HPI: A 77-year-old white male presents to clinic complaining of increasing feeling dizzy, short of breath, easily fatigued, and having a sensation of his heart ‘skipping beats’. He reports that he has been experiencing these symptoms for about a year and they usually only last for a day, but this recent episode has been lasting about 3 days now so wants to get checked out.

PMH: Type 2 Diabetes diagnosed at 57 years old. Hypertension diagnosed at 62 years old.

Medications: Lisinopril 20 mg daily, Metformin 1000 mg daily


Physical Examination

Vital Signs: P 123 irregularly irregular, R 20, BP 172/100

Cardiovascular: Irregular heart rhythm

Respiratory: Lung sounds clear

Integumentary: Skin is warm, pale with a slight gray cast


Cardiac Arrythmia

An arrhythmia may be with or without symptoms, causing a feeling of one’s heart beating too fast, too slow, or skipping a beat, and can cause a deficit in consciousness, cardiac collapse, and mortality (Arcangelo et al., 2021).  An arrhythmia can be symptomatic or asymptomatic. Both result in the feeling that the heart is either beating too fast, too slowly, or feel as if it is skipping a beat. Arrhythmias may result from structural or electrical/conduction system changes in the heart that may compromise cardiac function and cardiac output (Arcangelo et al., 2021).


Conditions that give rise to arrhythmias include myocardial ischemia, chronic HF, hypertension, valvular heart disease, hypoxemia, thyroid abnormalities, electrolyte disturbances, drug toxicity, excessive caffeine or ethanol ingestion, anxiety, and exercise (Arcangelo et al., 2021). This is why it is important to make sure that the underlying issue is diagnosed so a comprehensive cardiac workup such as diagnostic tests and baseline lab work that includes PT, INR, CBC, CMP, lipid panel, thyroid, and cardiac enzymes will need to be ordered. I would also order a 12-lead electrocardiogram. The practitioner should examine the 12-lead electrocardiogram (EKG) for evidence of myocardial ischemia; calculation of the PR interval, QRS interval, and QT interval; presence of premature atrial or ventricular contractions; characteristics of Wolff-Parkinson-White (WPW) syndrome; presence or absence of P waves; and relationship between P waves and QRS complexes (Arcangelo et al., 2021).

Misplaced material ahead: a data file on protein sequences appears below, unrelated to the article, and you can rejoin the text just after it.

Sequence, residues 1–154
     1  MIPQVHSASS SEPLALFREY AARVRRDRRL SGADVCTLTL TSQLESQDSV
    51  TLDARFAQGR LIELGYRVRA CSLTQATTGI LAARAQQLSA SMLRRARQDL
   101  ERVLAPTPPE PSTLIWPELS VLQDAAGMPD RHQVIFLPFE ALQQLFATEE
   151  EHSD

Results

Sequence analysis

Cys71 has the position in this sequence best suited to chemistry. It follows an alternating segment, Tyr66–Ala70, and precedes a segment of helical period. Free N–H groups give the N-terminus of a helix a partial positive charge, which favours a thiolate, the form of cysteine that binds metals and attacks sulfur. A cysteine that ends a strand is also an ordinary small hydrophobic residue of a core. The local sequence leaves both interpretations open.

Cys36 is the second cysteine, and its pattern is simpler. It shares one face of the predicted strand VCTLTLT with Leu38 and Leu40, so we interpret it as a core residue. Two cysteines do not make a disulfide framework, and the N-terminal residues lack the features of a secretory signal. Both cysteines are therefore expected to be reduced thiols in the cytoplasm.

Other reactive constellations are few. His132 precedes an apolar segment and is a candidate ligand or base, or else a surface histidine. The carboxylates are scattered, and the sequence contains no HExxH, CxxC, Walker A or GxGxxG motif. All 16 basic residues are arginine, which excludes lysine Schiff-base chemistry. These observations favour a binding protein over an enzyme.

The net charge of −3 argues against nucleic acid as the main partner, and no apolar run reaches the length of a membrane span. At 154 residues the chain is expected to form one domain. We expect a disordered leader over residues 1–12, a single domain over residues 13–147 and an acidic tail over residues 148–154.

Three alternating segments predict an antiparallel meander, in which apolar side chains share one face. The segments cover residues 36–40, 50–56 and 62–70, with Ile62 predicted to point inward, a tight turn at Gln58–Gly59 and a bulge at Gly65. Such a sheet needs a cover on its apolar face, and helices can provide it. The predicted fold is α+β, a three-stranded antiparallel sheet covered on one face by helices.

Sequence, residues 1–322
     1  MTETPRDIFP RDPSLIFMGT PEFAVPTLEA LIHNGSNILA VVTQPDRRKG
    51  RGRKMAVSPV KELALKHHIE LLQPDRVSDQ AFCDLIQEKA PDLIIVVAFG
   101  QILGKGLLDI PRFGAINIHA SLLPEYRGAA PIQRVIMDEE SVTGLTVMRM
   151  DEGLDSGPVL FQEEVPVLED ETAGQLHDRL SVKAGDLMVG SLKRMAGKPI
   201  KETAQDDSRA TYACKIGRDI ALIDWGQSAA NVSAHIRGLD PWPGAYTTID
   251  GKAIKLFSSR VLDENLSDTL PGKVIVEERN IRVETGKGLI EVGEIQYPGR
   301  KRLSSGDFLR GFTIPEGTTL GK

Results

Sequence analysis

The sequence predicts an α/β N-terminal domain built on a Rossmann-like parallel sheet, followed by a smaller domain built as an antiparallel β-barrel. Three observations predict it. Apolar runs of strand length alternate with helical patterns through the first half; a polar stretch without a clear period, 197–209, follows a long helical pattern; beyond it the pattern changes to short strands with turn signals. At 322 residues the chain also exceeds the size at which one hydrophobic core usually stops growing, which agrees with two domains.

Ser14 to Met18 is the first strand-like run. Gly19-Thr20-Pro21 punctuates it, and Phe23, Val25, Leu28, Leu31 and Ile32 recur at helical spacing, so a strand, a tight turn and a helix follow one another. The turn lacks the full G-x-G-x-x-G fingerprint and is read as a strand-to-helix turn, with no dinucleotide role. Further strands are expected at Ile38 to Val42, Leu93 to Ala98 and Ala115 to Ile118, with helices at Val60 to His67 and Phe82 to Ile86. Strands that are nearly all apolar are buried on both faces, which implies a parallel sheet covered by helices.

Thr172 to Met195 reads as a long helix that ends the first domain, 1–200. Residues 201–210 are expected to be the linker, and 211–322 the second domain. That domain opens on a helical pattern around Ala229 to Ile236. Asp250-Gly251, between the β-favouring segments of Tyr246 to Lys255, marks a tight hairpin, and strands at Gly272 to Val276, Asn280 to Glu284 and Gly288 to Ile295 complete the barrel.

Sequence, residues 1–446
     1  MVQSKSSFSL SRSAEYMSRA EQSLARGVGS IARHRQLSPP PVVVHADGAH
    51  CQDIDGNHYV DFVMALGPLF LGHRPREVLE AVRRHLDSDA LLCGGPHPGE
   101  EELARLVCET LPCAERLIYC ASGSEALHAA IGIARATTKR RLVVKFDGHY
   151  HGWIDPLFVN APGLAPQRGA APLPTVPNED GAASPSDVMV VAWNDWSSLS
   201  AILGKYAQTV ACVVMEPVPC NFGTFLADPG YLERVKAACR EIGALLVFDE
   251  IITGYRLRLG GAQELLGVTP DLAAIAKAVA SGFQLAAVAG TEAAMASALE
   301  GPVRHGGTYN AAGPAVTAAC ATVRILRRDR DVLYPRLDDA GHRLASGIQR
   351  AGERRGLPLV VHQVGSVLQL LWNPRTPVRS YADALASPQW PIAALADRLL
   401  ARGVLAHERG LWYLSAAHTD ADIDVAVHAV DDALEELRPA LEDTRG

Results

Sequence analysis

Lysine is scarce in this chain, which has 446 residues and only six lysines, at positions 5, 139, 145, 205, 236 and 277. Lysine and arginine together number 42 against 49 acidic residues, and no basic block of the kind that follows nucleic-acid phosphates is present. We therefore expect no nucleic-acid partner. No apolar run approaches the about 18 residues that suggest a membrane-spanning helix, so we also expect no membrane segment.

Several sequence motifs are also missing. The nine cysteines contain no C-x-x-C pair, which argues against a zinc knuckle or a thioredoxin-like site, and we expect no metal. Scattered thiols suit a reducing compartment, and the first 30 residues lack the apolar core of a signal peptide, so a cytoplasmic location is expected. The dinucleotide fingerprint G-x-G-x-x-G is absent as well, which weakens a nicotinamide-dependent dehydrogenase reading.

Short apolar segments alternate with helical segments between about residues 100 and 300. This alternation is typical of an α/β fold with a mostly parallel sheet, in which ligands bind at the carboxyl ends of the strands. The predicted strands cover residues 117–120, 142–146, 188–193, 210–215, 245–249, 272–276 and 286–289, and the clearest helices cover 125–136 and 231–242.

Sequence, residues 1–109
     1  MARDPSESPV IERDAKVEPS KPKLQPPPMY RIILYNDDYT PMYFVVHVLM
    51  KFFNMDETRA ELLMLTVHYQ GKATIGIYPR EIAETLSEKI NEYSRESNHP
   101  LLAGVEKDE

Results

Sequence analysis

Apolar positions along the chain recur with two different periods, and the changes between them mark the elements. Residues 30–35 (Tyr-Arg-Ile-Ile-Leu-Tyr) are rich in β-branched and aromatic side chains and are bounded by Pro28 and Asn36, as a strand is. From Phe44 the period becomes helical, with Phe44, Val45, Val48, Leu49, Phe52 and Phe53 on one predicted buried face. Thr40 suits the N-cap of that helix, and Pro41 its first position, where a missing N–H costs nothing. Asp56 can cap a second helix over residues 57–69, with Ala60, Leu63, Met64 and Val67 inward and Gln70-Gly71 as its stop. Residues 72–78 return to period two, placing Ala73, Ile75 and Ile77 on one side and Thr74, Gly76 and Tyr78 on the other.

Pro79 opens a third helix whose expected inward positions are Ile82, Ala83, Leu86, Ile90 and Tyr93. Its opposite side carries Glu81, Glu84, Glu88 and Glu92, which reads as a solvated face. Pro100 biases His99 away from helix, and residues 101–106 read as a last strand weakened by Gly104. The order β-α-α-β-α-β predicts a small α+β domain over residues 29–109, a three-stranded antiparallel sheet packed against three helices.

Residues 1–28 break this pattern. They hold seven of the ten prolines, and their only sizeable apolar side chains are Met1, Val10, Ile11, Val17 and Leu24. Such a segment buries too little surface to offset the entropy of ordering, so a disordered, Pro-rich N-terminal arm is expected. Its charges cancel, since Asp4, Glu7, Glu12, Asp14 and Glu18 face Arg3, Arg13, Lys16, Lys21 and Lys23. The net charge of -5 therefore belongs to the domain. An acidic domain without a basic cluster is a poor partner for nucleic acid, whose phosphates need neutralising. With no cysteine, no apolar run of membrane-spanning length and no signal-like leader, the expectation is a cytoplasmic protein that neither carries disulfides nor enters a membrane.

THERAPEUTICS: The overall goals of antiarrhythmic drug therapy are to relieve the acute episode of irregular rhythm, establish sinus rhythm (SR), and prevent further episodes of the arrhythmia (Arcangelo et al., 2021). Conditions that may cause arrhythmias are electrolyte imbalances (e.g., hypokalemia, hypomagnesemia), drug overdose, drug interactions with other medications or herbal supplements, renal failure, thyroid disorders, metabolic acidosis, hypovolemia, MI, pulmonary embolism, cardiac tamponade, tension pneumothorax, dissecting aortic aneurysm, hypoxemia, and valvular or congenital defects in the heart (Arcangelo et al., 2021). Therefore, if it is found that the patient has one of these conditions, he will need to be treated with the appropriate medication such as vitamin supplements or whatever is needed to correct the condition to further prevent cardiac arrythmias.

I would start this patient on a beta blocker such as Propranolol since he is symptomatic if his blood work shows no other conditions are the culprit to his arrythmias. In general, beta blockers lower the heart rate and blood pressure, decrease myocardial contractility, decrease oxygen consumption in the myocardium, and lower cardiac output (Arcangelo et al., 2021).

If his tests show there is an actual heart issue then he may need medications such as anticoagulants. Unfractionated heparin (UFH) and low-molecular-weight heparins (LMWHs), as well as oral vitamin K antagonist (VKA) warfarin and direct-acting oral anticoagulants (DOACs), such as dabigatran etexilate (a direct thrombin inhibitor) and oral factor Xa inhibitors (rivaroxaban, apixaban, and edoxaban), are examples of anticoagulants that can be used (Arcangelo et al., 2021).

EDUCATIONAL: Educate the patient on the need to make some improved lifestyle choices if he is at risk for any of these. He will need to get regular exercise, stop smoking, avoid stressors, avoid caffeine, and follow a good cardiac diet. He will need to be educated on the importance of making follow-up visits to monitor lab work to make sure he is therapeutic range with his medication. Education will need to be given on the side effects of any of the new medications that he will be prescribed. If he is on anticoagulants, he will need to be educated on the fact that he will now be prone to easy bruising and bleeding so will need to seek emergency help if he has any bleeding that will not stop.

CONSULTATION/COLLABORATION: I would refer the patient to a cardiologist for a complete evaluation so that he can follow up with them to make sure that his arrhythmia has not caused any damage to his heart.

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